/ Home & Energy

Is the private rental sector working for consumers?

Private rented accommodation is no longer a transitional stepping off point – it’s become an inescapable destination for many households in England. Is the sector working well enough?

The demographic in the sector is changing; there are now nearly a million more households with dependent children living in the sector than in 2006-07. Our analysis suggests that the private rental sector is far from being the well-functioning sector consumers should expect.

What we’ve found

We undertook a comprehensive look at the experience of consumers in this sector taking into consideration their entire journey, from searching for and securing, to living in and subsequently moving out of, private rented accommodation in England.

Our analysis reveals a number of common challenges which occur across various stages of the renting process:

• Tenants have difficulties accessing necessary information and advice at the different stages of the process. Similarly landlords face a complex regulatory landscape and can struggle to understand their obligations.

• Many landlords and tenants have experienced problems with the service and advice that letting agents provide.

• Many tenants are experiencing poor standards in their accommodation with damp or mould being the most common issue.

• Despite the prevalence of those problems, few tenants choose to complain. One of the reasons being that the current system of redress is confusing and complex.

• Many tenants are worried about having to leave their property before they want to. This is particularly a concern for those with children. We also found that this lack of security is also a barrier for tenants enforcing their rights.

• Many tenants are facing difficulties in getting their security deposit back in full and many have to pay a new security deposit before they have received their previous one back.

  • Widespread reform

  • With the private rental sector set to continue its growth and play an ever greater role in providing people across society with a home, our report is calling for a comprehensive programme of reform to bring the rental sector up to the standards required in the 21st century.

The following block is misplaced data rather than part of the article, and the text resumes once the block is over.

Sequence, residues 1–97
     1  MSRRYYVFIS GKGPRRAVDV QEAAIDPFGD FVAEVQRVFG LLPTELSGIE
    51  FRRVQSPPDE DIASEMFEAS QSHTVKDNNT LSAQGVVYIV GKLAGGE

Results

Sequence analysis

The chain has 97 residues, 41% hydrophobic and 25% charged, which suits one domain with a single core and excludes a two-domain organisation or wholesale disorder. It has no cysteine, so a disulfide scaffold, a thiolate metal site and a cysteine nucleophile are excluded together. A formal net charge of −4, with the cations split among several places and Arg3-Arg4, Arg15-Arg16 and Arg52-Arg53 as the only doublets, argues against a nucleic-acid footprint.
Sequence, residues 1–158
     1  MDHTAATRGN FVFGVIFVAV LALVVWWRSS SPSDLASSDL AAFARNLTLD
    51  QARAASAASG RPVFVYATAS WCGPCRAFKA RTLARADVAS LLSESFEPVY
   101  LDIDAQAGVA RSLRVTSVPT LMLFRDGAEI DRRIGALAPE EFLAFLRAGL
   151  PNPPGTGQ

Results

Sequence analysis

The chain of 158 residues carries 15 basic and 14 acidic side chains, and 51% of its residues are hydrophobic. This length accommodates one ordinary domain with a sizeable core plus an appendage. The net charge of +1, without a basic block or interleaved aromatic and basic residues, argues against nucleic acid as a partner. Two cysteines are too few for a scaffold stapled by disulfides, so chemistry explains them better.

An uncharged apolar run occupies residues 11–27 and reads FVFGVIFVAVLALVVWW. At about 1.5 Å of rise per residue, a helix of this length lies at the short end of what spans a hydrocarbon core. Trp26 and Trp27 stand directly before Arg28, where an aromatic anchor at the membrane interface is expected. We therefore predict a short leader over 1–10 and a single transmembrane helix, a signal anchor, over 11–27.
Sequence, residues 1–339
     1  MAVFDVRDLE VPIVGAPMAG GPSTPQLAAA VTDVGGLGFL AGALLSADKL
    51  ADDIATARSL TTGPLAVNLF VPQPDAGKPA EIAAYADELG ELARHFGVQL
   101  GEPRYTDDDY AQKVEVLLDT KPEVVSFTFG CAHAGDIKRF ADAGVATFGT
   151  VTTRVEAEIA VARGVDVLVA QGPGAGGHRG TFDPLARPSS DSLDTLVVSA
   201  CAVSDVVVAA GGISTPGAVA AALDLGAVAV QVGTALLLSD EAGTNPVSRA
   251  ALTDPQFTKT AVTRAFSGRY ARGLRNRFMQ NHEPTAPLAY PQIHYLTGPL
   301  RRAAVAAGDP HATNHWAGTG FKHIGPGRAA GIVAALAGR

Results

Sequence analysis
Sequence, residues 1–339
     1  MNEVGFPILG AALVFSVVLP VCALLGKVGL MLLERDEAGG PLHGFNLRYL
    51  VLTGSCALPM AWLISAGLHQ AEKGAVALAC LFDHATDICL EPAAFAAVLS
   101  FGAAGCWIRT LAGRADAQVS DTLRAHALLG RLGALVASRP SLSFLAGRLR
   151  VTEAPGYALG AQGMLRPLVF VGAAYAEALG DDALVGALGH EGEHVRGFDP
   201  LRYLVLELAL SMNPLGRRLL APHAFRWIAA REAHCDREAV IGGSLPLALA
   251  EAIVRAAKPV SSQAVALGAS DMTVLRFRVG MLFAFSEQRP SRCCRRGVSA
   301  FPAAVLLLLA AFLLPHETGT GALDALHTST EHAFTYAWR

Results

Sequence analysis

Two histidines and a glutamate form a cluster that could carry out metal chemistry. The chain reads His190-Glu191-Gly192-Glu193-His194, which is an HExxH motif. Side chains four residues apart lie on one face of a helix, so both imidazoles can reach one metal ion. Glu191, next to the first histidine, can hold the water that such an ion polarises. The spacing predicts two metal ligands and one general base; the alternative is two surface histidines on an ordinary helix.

Among our proposals, we are calling for all landlords to be registered with the relevant Local Authority, with the details available to the public online.

  • This will hold less responsible landlords more accountable to tenants and provide a means for local authorities and government to keep landlords informed about their responsibilities.

  • We also believe the government must prioritise strengthening regulation of the letting agent sector, provide a simpler single-access dispute resolution scheme and introduce reforms to increase tenure security.

    Do you support our proposals? What do you think should be done to improve the situation in the sector?

Comments
Guest
Patrick Taylor says:
22 July 2018

I was under the strong impression legislation was already being considered and I am somewhat struck that only now is Which? looking at a problem that has been around for well over two decades. Still it is a start.

Can Which? also adress the leaseholds problems that are still outstanding created by unethical builders and conveyancers?

Incidentally the research questions would be of interest as shades of meaning and time span are quite significant in generating percentages. I am sure many homeowners have had plumbing problems in the last 5 years etc.

*”Populus, on behalf of Which?, surveyed 2,000 UK adults who live in a privately rented property online between 21-26 March 2018.” seems an incredibly ugly construction. Surely “online” relates to the survey method not the privately rented property.
Read more: which.co.uk/news/2018/07/how-renters-get-a-raw-deal/ – Which?

Guest
Guest
Patrick Taylor says:
23 July 2018

Ashford Council in Kent, which has introduced a policy requiring landlords to fix boilers within four days if the tenant is a single mother with a new baby. They form part of a vulnerable group and as such have greater protection but it does mean that landlords my find them unattractive tenants.

This illustrates a rather haphazard way that Councils are being left by the Government to manage as best they can.

Whilst bemoaning the situation the fact remains that in many countries renting is, and has been, the norm for many many decades. And they have laws recognising the needs of both parties. It would be worthwhile evaluating their exisitng systems to see what is worth cherry-picking.

Note than in Germany only 42% [2011] owned their own homes. This article is worth reading to get a picture as how things could be:
theguardian.com/money/2011/mar/19/brits-buy-germans-rent

Guest
Patrick Taylor says:
23 July 2018

There are other charities that have interests in the rental market – notably
generationrent.org/
and
blog.shelter.org.uk/2017/09/old-fashioned-rent-control-what-is-it-good-for/
very useful :
independent.co.uk/news/uk/home-news/the-new-face-of-poverty-is-young-working-and-renting-says-joseph-rowntree-foundation-chief-executive-10510078.html
ageuk.org.uk/latest-news/archive/squalor-and-distress-life-for-older-people-in-the-private-rented-sector/